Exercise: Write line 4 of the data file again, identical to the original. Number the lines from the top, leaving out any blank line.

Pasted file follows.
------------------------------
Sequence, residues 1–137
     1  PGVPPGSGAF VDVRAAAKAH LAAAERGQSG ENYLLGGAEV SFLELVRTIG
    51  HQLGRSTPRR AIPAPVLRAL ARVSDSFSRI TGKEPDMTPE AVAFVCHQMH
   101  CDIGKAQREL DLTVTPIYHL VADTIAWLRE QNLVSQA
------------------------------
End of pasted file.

   101  CDIGKAQREL DLTVTPIYHL VADTIAWLRE QNLVSQA